3. ^ "Prescribing medicines in pregnancy database". Australian Government. 3 March 2014. Retrieved 22 April 2014. 
  4. ^ "WHO Model List of EssentialMedicines" (PDF). World Health Organization. October 2013. Retrieved 22 April 2014. 
  5. ^ a b de Clercq, Erik; Field, Hugh J (5 October 2005). "Antiviral prodrugs – the development of successful prodrug strategies for antiviral chemotherapy". British Journal of Pharmacology 147 (1) (Wiley-Blackwell, published January 2006). pp. 1–11. PMC 1615839. PMID 16284630. doi:10.1038/sj.bjp.0706446. 
  6. ^ a b c d Rossi, S, ed. (2013). Australian Medicines Handbook (2013 ed.). Adelaide: The Australian Medicines Handbook Unit Trust. ISBN 978-0-9805790-9-3. 
  7. ^ Joint Formulary Committee (2013). British National Formulary (BNF) (65 ed.). London, UK: Pharmaceutical Press. ISBN 978-0-85711-084-8. 
  8. ^ Elad S, Zadik Y, Hewson I et al. (August 2010). "A systematic review of viral infections associated with oral involvement in cancer patients: a spotlight on Herpesviridea". Support Care Cancer 18 (8): 993–1006. PMID 20544224. doi:10.1007/s00520-010-0900-3. 
  9. ^ Chen, N; Li, Q; Yang, J; Zhou, M; Zhou, D; He, L (Feb 6, 2014). "Antiviral treatment for preventing postherpetic neuralgia.". The Cochrane database of systematic reviews 2: CD006866. PMID 24500927. doi:10.1002/14651858.CD006866.pub3. 
  10. ^ Wilhelmus KR (2010). "Antiviral treatment and other therapeutic interventions for herpes simplex virus epithelial keratitis". Cochrane Database Syst Rev 12: CD002898. PMID 21154352. doi:10.1002/14651858.CD002898.pub4. 
  11. ^ Graham Worrall (6 Jan 1996). "Acyclovir in recurrent herpes labialis". BMJ 312 (7022): 6. PMC 2349724. PMID 8555890. doi:10.1136/bmj.312.7022.6.  – Editorial
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  18. ^ Centers for Disease Control and Prevention. Epidemiology and prevention of vaccine-preventable diseases. 9th ed. Public Health Foundation; 2006 Jan:171-92
  19. ^ Gartner LM, Morton J, Lawrence RA, et al, "Breastfeeding and the Use of Human Milk," Pediatrics, 2005, 115(2):496-506
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  21. ^ Brigden D, Rosling AE, Woods NC (July 1982). "Renal function after acyclovir intravenous injection". The American Journal of Medicine 73 (1A): 182–5. PMID 6285711. doi:10.1016/0002-9343(82)90087-0.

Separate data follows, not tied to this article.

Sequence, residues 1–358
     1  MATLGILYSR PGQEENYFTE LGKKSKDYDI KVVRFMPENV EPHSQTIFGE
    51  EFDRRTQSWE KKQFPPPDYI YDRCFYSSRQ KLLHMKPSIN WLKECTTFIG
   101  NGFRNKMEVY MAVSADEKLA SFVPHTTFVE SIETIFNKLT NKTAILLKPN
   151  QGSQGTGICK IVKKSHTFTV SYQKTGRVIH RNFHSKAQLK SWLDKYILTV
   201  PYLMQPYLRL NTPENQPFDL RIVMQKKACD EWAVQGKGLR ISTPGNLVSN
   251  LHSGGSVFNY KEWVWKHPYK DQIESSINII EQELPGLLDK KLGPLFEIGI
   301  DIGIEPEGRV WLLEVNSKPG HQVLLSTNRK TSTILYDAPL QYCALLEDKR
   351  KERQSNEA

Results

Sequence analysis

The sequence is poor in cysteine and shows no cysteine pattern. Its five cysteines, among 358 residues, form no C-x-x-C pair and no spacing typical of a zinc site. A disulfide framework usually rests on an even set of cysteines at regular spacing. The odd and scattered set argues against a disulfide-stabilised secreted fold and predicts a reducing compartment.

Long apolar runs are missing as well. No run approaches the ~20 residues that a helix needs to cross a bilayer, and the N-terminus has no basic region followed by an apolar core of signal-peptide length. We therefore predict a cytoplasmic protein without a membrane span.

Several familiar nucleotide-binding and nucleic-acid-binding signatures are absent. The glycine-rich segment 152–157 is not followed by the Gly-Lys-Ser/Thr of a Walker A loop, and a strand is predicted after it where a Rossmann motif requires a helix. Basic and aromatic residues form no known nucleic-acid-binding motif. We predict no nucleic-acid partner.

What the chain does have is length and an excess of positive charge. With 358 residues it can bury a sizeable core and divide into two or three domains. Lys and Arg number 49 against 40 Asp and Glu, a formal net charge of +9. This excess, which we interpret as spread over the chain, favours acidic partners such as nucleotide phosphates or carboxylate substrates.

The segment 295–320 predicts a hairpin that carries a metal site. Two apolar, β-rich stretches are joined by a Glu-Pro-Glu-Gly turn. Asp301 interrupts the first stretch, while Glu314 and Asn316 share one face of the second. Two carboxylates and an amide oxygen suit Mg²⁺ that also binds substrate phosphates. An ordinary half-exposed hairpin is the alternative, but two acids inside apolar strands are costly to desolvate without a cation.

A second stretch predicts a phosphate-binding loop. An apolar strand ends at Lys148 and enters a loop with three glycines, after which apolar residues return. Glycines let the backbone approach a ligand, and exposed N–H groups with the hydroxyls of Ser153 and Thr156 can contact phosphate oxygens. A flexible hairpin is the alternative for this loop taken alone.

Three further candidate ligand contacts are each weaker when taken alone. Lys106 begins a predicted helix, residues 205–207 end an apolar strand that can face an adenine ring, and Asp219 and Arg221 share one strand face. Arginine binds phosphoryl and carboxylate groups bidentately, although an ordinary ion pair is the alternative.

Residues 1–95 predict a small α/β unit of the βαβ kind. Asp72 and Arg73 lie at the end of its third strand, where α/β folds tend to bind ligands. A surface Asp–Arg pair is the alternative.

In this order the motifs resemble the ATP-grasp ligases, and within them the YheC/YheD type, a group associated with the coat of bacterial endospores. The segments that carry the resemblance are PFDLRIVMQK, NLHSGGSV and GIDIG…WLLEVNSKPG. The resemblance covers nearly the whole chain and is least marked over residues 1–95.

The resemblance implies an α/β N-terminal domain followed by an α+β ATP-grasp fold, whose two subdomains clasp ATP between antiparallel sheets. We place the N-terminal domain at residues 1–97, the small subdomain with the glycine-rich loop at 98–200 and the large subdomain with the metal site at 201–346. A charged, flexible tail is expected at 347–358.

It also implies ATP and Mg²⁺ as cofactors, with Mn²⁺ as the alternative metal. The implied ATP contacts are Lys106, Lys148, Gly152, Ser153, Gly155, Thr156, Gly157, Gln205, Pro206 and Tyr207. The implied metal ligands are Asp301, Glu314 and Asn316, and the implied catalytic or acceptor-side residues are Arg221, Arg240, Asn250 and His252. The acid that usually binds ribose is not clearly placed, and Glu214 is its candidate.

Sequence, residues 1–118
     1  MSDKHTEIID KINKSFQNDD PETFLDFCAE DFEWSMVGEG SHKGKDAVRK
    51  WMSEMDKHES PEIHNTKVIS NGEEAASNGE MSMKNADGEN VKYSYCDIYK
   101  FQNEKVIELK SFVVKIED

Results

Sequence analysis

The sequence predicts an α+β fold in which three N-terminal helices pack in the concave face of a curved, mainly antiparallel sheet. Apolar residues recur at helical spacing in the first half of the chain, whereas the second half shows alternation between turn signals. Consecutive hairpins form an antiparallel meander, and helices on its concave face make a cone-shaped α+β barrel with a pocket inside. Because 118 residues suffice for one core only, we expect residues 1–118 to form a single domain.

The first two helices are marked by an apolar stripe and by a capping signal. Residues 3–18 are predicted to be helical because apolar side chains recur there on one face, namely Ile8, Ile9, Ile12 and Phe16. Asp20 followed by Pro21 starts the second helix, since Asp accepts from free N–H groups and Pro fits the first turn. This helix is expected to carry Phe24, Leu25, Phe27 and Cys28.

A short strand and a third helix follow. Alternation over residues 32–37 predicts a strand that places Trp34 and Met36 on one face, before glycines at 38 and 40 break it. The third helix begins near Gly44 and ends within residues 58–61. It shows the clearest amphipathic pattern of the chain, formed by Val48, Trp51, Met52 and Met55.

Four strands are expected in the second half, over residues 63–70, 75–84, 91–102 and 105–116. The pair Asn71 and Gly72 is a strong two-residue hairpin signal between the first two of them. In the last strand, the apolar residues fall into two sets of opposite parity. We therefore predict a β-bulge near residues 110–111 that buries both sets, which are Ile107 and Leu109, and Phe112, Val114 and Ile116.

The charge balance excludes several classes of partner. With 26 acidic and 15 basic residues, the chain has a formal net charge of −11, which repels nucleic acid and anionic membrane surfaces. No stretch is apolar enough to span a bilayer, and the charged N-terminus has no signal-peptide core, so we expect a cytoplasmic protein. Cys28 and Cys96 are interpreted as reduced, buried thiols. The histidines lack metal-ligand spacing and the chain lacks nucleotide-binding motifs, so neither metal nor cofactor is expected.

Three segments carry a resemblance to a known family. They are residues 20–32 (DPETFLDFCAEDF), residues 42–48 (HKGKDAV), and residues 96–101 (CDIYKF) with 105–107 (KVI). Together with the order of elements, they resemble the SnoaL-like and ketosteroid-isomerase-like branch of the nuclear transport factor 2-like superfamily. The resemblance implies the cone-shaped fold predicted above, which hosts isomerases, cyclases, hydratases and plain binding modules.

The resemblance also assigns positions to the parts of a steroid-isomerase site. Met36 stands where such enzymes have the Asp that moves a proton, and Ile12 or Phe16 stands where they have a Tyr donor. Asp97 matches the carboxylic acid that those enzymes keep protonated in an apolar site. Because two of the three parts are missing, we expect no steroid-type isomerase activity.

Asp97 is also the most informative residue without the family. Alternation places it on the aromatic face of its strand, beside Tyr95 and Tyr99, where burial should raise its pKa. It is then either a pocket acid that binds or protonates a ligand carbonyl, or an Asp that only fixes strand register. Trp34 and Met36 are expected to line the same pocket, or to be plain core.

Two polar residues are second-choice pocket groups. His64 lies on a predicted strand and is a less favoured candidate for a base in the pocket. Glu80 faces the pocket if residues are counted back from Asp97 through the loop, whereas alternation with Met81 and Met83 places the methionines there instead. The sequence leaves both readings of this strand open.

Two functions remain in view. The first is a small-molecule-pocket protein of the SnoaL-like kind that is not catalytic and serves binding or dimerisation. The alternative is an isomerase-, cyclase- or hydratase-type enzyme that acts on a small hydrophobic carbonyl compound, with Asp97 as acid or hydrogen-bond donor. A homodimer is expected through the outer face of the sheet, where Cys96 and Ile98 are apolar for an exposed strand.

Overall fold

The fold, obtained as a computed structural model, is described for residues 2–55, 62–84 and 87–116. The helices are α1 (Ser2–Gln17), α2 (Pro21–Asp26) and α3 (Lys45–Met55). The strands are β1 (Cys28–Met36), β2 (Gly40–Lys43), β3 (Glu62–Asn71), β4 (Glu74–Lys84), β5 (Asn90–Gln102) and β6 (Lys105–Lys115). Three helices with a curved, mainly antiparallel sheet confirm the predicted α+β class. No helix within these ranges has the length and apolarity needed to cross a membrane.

22. ^ Sawyer MH, Webb DE, Balow JE, Straus SE (June 1988). "Acyclovir-induced renal failure. Clinical course and histology". The American Journal of Medicine 84 (6): 1067–71. PMID 3376977. doi:10.1016/0002-9343(88)90313-0. 
  23. ^ Pottage Jr, J. C.; Kessler, H. A.; Goodrich, J. M.; Chase, R; Benson, C. A.; Kapell, K; Levin, S (1986). "In vitro activity of ketoconazole against herpes simplex virus". Antimicrobial agents and chemotherapy 30 (2): 215–9. PMC 180521. PMID 3021048. 
  24. ^ GlaxoSmithKline. Zovirax® (acyclovir sodium) for injection prescribing information. Research Triangle Park, NC; 2003 Nov
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  26. ^ Baselt, RC (2008). Disposition of toxic drugs and chemicals in man (8th ed. ed.). Foster City, CA: Biomedical Publications. pp. 29–31. ISBN 9780962652370. 
  27. ^ "Acyclovir (acyclovir) Capsule Acyclovir (acyclovir) Tablet [Genpharm Inc.]". DailyMed. Genpharm Inc. November 2006. Retrieved 5 February 2014. 
  28. ^ "Aciclovir Tablets BP 400mg - Summary of Product Characteristics (SPC)". electronic Medicines Compendium. Actavis UK Ltd. 20 August 2012. Retrieved 5 February 2014. 
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  30. ^ Wagstaff, AJ; Faulds, D; Goa, KL (January 1994). "Aciclovir. A reappraisal of its antiviral activity, pharmacokinetic properties and therapeutic efficacy.". Drugs 47 (1): 153–205. PMID 7510619. doi:10.2165/00003495-199447010-00009. 
  31. ^ Sweetman, S, ed. (7 August 2013). "Aciclovir". Martindale: The Complete Drug Reference. London, UK: Pharmaceutical Press. Retrieved 6 February 2014. 
  32. ^ Aciclovir Tablets BP 400mg - Summary of Product Characteristics (SPC) - (eMC)
  33. ^ Garrison, Tom (1999). Oceanography: An Invitation to Marine Science, 3rd ed. Belmont, CA: Wadsworth Publishing Company. p. 471. 
  34. ^ Sepčić, K. (2000). "Bioactive Alkylpyridinium Compounds from Marine Sponges". Toxin Reviews 19 (2): 139–160. doi:10.1081/TXR-100100318. 
  35. ^ Laport, M. S.; Santos, O. C.; Muricy, G (2009). "Marine sponges: Potential sources of new antimicrobial drugs". Current pharmaceutical biotechnology 10 (1): 86–105. PMID 19149592. 
  36. ^ Schaffer, Howard; Robert Vince; S. Bittner; S. Gurwara (1971). "Novel substrate of adenosine deaminase". Journal of Medicinal Chemistry 14 (4): 367–369. PMID 5553754. doi:10.1021/jm00286a024. 
  37. ^ Elion, Gertrude; Furman, Fyfe, Miranda, Beauchamp and Schaffer; Fyfe, James A.; De Miranda, Paulo; Beauchamp, Lilia; Schaeffer, Howard J. (1977). "Selectivity of action of an antiherpetic agent, 9-(2-hydroxyethoxymethyl)guanine". Proc Natl Acad Sci USA 74 (12): 5716–5720. Bibcode:1977PNAS...74.5716E. PMC 431864. PMID 202961. doi:10.1073/pnas.74.12.5716. 
  38. ^ US 4146715 
  39. ^ Vince, R. "A brief history of the development of Ziagen" Chemtracts 2008, 21, 127–134.

Further reading

External links